Saturday, March 31, 2018

free range learning...

A friend sent this link to an article in the New York Times ( ) describing a new "free range parenting law" passed in Utah, that recognizes that allowing children to do on their own what they are mature enough to do, is not neglect. Parents in some states had been arrested and charged with neglect for allowing children to do simple things like walking home from the park. The free range parenting law appears to recognize that in some cases parents may actually know their children and what they are capable of doing  best.

In New York a few years back, a columnist had described letting her 12 year old son take the bus home alone from the museum (something he had wanted to do and along a route they had taken together many times before). Her big mistake was writing about it. Helicopter parents attacked her without mercy as being the worst mother of the year.

Yesterday I was in our elementary school classroom and took this candid photo of a desk where our  children work together. The photo shows small boxes my students made in wood shop, full of puzzle piece cards the students made. The puzzle pieces have a picture of an object on one side, and the object word on the other, and so you can see its a fun game to make them, a fun game to use them, and it's  an integrated lesson that involves reading, writing, manual dexterity, art, pattern recognition,  and spatial sense (an essential tool for the development of math).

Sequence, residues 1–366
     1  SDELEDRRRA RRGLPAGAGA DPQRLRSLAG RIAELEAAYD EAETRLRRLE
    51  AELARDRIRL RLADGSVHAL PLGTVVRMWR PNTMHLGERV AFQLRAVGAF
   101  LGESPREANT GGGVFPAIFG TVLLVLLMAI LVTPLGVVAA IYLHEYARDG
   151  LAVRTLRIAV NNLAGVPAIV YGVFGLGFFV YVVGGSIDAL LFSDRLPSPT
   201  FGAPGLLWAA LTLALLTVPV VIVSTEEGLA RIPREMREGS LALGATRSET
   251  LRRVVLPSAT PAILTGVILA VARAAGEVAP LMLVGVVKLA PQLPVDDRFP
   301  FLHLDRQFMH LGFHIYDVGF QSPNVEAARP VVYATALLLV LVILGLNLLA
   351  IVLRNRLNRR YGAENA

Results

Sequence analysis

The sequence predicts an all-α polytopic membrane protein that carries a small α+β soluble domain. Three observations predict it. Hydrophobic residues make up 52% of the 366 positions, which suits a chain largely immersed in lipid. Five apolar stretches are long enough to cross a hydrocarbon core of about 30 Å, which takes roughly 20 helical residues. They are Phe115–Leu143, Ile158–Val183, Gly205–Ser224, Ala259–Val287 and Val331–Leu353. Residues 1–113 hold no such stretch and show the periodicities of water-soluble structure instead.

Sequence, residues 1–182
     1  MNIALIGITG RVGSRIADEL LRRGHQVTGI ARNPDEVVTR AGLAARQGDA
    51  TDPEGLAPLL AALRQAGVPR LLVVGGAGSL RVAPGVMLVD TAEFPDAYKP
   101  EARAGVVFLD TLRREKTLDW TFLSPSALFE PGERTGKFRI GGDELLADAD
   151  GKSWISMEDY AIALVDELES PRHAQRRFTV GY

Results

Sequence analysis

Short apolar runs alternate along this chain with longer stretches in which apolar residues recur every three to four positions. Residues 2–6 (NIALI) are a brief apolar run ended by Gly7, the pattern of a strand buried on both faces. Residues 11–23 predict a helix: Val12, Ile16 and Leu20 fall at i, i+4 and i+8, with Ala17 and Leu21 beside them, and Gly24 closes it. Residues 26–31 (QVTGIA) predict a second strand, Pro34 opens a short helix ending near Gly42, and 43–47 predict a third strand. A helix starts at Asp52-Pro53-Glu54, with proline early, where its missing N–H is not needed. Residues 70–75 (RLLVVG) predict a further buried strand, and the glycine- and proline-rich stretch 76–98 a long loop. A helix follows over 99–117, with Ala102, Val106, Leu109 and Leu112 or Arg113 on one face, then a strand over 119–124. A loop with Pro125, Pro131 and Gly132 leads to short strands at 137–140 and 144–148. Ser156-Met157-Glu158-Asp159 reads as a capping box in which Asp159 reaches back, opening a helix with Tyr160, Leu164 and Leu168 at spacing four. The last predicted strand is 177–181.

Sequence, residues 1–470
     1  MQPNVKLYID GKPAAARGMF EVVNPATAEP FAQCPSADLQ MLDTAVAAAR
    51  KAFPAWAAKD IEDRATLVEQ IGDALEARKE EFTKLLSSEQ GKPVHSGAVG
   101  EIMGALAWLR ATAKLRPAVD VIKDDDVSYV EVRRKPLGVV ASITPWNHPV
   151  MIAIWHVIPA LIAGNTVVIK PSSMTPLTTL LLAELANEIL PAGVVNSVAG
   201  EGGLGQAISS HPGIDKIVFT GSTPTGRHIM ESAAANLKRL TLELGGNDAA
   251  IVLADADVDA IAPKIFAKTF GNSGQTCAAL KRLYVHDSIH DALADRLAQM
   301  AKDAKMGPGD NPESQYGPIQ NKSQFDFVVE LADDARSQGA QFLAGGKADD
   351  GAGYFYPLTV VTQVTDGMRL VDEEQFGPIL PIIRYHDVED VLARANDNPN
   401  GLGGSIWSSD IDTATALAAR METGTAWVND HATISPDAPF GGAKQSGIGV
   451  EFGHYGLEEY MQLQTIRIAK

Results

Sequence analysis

An important function of the teacher in most schools is measuring and recording student performance. But when students are given the opportunity to do real things, they do not need a teacher to measure the results of their learning. Parents see it.  The casual bystander would see it, and most importantly, the students see it for themselves.

Make, fix, and create. Allow others the opportunity of learning lifewise.

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